They have cut the royal purse strings and need a new source of income monetising their social media followers could be their first step
The Duke and Duchess of Sussex were never going to be king and queen of the United Kingdom. And now they have been relieved of their royal responsibilities, a new empire stretches before them, limitless, lucrative and theirs for the taking: the kingdom of sponsored content.
Thanks to the intense interest in their love story on social media, Prince Harry and Meghan have been dabbling in the influencer space for as long as they have been a couple. Before marrying Harry, Meghan ran the lifestyle/fashion blog The Tig, which gave her one foot in the world of influencers (the name given to the broad church of people who create and often monetise original content on social media). So perhaps it is no surprise that, in April last year, @SussexRoyal broke Instagrams record for the fastest one million followers (less than six hours). Now it has 11 million and is the couples platform of choice for personal announcements including the one they made on 8 January, revealing their intention to step back from royal duties (1.85m likes).
Now that the royal purse strings have been cut, how will they make a living? Monetising their celebrity through brand partnerships, sponsorship deals and social media seems the most likely path. Ted Sarandos, chief content officer for Netflix, summed it up when asked if he would be open to working with them: Who wouldnt be interested?
But not everyone is so sure. Although they have stepped down from their duties, they will still be answerable to the Firm, says Stephen Bates, the Guardians royal correspondent from 2000 to 2012 and author of Royalty Inc: Britains Best-Known Brand. Clearly, they are still royal, but they cant profit from their association and their association, via their name, is chiefly what they have, he says. All this stuff about huge marketing opportunities, and people talking up their brand and how much it will earn them Obviously their celebrity will carry them so far but in a year or twos time, what are they going to do?
Perhaps Batess outlook says less about Harry and Meghansprospects than the gulf between regal precedent and the current influencer economy. With the Sunday Times forecasting influencing to be worth 8bn globally this year, the sky is the limit when it comes to how much someone can make from their social media followers.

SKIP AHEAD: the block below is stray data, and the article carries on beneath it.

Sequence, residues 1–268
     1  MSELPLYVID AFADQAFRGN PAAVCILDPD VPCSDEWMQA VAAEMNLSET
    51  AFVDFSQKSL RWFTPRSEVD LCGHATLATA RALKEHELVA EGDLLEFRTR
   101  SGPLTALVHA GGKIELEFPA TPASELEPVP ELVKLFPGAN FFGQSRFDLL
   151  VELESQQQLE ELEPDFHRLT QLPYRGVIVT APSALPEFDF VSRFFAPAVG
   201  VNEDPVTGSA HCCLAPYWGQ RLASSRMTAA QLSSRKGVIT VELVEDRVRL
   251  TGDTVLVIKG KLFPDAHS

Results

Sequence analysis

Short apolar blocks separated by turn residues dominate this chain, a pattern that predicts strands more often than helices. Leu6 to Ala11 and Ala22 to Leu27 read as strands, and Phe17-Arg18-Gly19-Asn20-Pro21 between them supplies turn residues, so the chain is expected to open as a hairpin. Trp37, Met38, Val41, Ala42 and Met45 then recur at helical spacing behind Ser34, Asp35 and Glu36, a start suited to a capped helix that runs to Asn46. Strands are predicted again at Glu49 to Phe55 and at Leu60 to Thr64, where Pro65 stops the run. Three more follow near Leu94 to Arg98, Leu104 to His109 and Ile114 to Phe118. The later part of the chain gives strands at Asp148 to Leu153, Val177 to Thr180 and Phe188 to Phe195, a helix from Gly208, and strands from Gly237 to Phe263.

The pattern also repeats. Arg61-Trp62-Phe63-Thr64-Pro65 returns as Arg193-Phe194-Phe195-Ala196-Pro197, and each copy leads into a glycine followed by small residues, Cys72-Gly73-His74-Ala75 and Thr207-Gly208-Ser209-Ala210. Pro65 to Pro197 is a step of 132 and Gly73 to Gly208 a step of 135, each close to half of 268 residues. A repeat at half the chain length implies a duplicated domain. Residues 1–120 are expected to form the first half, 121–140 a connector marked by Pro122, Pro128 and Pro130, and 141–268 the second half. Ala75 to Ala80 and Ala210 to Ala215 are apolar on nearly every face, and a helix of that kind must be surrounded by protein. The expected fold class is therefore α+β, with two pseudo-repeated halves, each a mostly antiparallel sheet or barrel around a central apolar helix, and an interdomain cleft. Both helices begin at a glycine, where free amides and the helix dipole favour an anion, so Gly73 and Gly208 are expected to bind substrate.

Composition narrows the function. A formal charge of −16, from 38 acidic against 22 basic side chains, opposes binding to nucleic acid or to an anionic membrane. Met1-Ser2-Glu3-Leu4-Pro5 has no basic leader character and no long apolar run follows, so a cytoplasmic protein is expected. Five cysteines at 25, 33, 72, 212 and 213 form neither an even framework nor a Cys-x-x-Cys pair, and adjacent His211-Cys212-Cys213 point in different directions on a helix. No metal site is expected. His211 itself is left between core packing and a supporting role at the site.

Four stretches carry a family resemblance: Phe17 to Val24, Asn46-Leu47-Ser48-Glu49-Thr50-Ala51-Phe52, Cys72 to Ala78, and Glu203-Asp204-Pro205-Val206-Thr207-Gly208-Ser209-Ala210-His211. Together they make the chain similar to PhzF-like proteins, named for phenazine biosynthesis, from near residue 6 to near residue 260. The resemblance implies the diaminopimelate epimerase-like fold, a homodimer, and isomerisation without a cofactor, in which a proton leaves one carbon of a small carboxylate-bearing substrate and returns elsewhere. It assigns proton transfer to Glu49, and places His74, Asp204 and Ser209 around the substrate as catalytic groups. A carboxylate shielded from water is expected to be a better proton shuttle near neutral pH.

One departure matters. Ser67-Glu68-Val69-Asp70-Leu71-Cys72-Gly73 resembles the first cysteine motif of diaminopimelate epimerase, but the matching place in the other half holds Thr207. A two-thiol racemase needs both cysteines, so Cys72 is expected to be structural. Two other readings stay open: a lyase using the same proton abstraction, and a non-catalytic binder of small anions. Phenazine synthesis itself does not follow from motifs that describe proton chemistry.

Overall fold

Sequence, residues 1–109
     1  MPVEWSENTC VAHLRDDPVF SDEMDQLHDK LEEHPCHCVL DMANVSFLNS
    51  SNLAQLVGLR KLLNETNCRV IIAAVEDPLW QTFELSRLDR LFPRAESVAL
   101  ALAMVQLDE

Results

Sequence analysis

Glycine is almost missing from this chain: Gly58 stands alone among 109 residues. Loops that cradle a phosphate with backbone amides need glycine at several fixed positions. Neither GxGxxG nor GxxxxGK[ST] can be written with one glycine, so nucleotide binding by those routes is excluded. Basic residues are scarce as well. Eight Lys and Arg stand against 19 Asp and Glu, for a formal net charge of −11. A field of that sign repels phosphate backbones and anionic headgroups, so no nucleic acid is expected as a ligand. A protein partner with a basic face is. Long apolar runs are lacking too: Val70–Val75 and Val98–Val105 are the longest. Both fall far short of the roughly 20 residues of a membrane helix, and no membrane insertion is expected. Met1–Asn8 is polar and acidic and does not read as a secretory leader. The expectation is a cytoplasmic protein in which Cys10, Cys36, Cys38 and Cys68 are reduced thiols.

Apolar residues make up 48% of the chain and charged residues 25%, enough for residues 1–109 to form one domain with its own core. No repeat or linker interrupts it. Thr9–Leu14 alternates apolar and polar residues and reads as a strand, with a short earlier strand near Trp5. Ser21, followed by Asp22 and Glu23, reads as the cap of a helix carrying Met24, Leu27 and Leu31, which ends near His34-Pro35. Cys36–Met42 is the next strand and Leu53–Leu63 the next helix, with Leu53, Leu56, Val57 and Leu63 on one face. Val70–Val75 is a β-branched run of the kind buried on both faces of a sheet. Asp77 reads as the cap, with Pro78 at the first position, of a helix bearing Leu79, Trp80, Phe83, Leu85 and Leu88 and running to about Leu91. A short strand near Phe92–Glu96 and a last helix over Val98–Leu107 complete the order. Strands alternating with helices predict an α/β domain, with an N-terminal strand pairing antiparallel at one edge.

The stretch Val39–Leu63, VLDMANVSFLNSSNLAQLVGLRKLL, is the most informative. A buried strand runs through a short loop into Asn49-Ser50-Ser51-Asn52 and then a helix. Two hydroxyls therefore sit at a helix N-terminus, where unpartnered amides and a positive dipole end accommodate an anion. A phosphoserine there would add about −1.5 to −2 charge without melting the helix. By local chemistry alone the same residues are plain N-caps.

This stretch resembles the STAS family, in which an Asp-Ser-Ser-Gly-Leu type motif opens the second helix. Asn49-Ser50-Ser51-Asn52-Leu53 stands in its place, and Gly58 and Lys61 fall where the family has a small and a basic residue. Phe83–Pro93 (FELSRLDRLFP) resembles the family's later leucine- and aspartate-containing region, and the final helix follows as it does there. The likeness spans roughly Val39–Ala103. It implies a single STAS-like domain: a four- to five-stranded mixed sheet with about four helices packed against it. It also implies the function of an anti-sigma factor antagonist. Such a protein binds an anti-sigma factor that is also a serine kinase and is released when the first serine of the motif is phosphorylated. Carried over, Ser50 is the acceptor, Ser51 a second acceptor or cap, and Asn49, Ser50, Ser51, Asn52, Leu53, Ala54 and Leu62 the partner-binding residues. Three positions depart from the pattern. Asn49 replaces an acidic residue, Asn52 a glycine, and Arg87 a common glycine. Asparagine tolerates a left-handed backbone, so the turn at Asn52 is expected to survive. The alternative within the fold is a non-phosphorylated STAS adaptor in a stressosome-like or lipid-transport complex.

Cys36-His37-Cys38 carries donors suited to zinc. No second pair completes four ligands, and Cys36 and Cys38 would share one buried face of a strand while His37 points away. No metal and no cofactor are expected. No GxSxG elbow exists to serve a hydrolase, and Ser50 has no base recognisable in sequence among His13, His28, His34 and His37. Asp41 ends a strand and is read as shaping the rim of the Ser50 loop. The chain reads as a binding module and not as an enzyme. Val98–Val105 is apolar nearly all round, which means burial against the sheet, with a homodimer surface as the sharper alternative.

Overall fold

The Obamas, who have signed a deal with Netflix, have been pointed to as role models for Harry and Meghans new life. There is a key difference, though, because part of the reason the former Potus and Flotus were able to secure such lucrative opportunities post-White House was their impressive careers, demonstrable passions and interests.
Obama wasnt a hereditary president or worse, a hereditary presidents younger brother, says Bates. Though Netflix would surely throw money at a real-life The Crown, Bates points out that through the 90s, a glut of royal documentaries produced by Prince Edwards television production company caused headaches for the palace. I can see a lot of parties with Harry standing in the corner and people saying: Theres the bloke who used to be in the royal family, says Bates.
Influencers can be traced back to the 00s and socialite Paris Hilton. Hilton may have been famous for doing nothing but she made a lot of money doing it, selling everything from handbags to hair extensions. While she was a pioneer, her one-time best friend Kim Kardashian perfected this. Famous for a sex tape, she monetised this through strategic alignments and business savvy to become one of the most famous and, though you may hate to hear it, most powerful women in the world.
This is the upper echelon of influencing, where Harry and Meghan will hope to be coming in joining the Kardashian-Jenner clan, models Gigi and Bella Hadid, pop stars Selena Gomez and Ariana Grande, and the other most-followed people on Instagram. At this level, there is little to distinguish them from other celebrities.